Tuesday, March 5, 2024

Delivering Stories of Progress


BEYOND SIGHT: Let’s give the best to the world

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By Monsi A. Serrano

There’s no denying that our country’s main international gateway requires more than a mere facelift. Passengers, both local and international, have shared their ordeals, caught in the never-ending circles and inescapable Catch 22 of our airport.

As someone deeply entrenched in the diplomatic circle, I witness the tireless efforts of our beloved friends in the diplomatic community, promoting the Philippines as “More Fun in the Philippines.” I have personally explored the vast beauty of our country, from Aparri up North to Tawi-Tawi down South, including the enchanting Sitangkai, dubbed the Venice of the South, where few dared to venture. These experiences have made me appreciate our nation’s allure, along with the warm hospitality of Filipinos, providing countless reasons for foreign tourists to come and enjoy their time here.

While our country undoubtedly has much to offer, it is worth noting that the Philippines remains a top choice for many world travelers in the region, even without extensive efforts from the Department of Tourism to rebrand or expensive marketing campaigns that might not be fun for the average Juan and Juana.

Yes, it’s undeniably more fun in the Philippines, no matter where you go. However, the not-so-fun part lies in the experiences that await travelers upon their arrival and departure. Our congested airport requires visitors to allocate 3-4 hours of their precious vacation time just to navigate through the sea of passengers and planes. Fortunately, the Manila International Airport Consortium’s (MIAC) Ninoy Aquino International Airport (NAIA) Masterplan promises to address these issues through collaborative efforts.

Attending the media briefing held by MIAC, I was pleasantly surprised to learn that this consortium comprises the country’s finest in the business world. They are the “Dream Team,” composed of Aboitiz InfraCapital, Inc., AC Infrastructure Holdings Corporation, Asia’s Emerging Dragon Corporation, Alliance Global – Infracorp Development Inc., Filinvest Development Corporation, and JG Summit Infrastructure Holdings Corporation. Their impeccable reputations speak for themselves, and their involvement ensures the protection of their corporate standing.

To witness these Filipino conglomerates pooling their minds and resources together to offer an unsolicited proposal for the rehabilitation and development of the NAIA is truly commendable and deserving of celebration. Should this project reach completion, it would mark the first successful, unhindered rehabilitation of NAIA Terminal 3. Ideally, this achievement would make us all proud, knowing that it was accomplished under the auspices of Filipino conglomerates.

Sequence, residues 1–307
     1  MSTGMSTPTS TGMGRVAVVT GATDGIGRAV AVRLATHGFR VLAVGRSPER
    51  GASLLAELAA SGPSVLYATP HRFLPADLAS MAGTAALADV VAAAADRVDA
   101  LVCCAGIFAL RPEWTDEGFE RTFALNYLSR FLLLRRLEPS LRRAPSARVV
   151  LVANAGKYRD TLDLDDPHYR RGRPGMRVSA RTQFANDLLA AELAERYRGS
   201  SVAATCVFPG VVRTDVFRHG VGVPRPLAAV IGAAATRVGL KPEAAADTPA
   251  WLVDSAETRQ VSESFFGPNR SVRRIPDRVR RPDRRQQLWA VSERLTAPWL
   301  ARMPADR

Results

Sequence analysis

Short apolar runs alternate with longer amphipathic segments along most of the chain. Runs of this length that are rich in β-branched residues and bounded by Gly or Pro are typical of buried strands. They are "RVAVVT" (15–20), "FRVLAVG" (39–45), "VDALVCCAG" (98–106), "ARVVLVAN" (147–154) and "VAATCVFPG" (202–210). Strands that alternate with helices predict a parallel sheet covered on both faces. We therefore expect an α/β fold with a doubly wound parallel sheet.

Looking back at the tumultuous history of NAIA, we recall numerous setbacks, such as the involvement of foreign companies and legal disputes that led to claims and arbitrations in the International Chamber of Commerce (ICC) tribunal, even reaching our own high court. In contrast, the MIAC’s unsolicited proposal appears to provide a viable solution for the much-needed rehabilitation, coinciding with the continuous growth in tourism.

What caught my attention was the revealed rehabilitation masterplan, consisting of three key phases of development that will enhance capacity, reliability, and overall passenger experience.

Phase 1, aptly called “Quick Wins,” aims to be implemented over the first two years, swiftly increasing the airport’s capacity to 54 MPPA by 2025 while improving reliability. It also intends to reduce waiting times at various bottlenecks throughout NAIA. Phase 2 will further increase the airport’s capacity to 62.5 MPPA by 2028 through terminal floor area expansion, addition of airfield facilities, and improved cross-terminal transportation. Finally, Phase 3 envisions expanding terminal space and airfield capacity, ultimately achieving a capacity of approximately 70 MPPA by 2048.

The MIAC also emphasized that the new NAIA will complement Bulacan Airport, Clark Airport, and the upcoming Sangley Airport, ensuring comfort and convenience for air travelers. With these four beautiful and efficient airports, airlines will inevitably compete, leading to lower fares, and individuals will have more options for their flights.

During the farewell party of German Ambassador Anke Reiffenstuel, I had the opportunity to ask Transportation Secretary Jaime Bautista about the proposed 25-year contract with MIAC. Secretary Bautista expressed reservations about the length of the contract, deeming it too long. However, he also informed me that the Department of Transportation (DOTr) is in constant communication with the MIAC team, and the final result will be revealed soon.

While we eagerly await the Philippines’ ability to offer an improved and efficient airport to the world, my ultimate wish is that the MIAC’s unsolicited proposal will result in a “Triple Win” scenario — for passengers, the country, and the investors.

If this vision becomes a reality, we can proudly say that we are giving the best to the world, and it is time for our guests to experience even more fun in the Philippines. What do you think?

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